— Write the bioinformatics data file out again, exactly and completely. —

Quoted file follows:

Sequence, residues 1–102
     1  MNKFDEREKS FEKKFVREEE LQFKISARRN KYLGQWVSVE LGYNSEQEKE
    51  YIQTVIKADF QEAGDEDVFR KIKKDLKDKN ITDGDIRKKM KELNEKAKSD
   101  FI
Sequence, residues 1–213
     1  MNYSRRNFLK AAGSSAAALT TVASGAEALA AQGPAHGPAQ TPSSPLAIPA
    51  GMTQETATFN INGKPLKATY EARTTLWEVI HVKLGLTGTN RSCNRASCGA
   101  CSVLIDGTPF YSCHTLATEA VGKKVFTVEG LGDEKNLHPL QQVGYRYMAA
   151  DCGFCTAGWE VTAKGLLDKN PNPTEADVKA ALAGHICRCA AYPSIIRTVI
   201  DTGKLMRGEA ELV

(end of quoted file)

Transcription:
Sequence, residues 1–102
     1  MNKFDEREKS FEKKFVREEE LQFKISARRN KYLGQWVSVE LGYNSEQEKE
    51  YIQTVIKADF QEAGDEDVFR KIKKDLKDKN ITDGDIRKKM KELNEKAKSD
   101  FI
Sequence, residues 1–213
     1  MNYSRRNFLK AAGSSAAALT TVASGAEALA AQGPAHGPAQ TPSSPLAIPA
    51  GMTQETATFN INGKPLKATY EARTTLWEVI HVKLGLTGTN RSCNRASCGA
   101  CSVLIDGTPF YSCHTLATEA VGKKVFTVEG LGDEKNLHPL QQVGYRYMAA
   151  DCGFCTAGWE VTAKGLLDKN PNPTEADVKA ALAGHICRCA AYPSIIRTVI
   201  DTGKLMRGEA ELV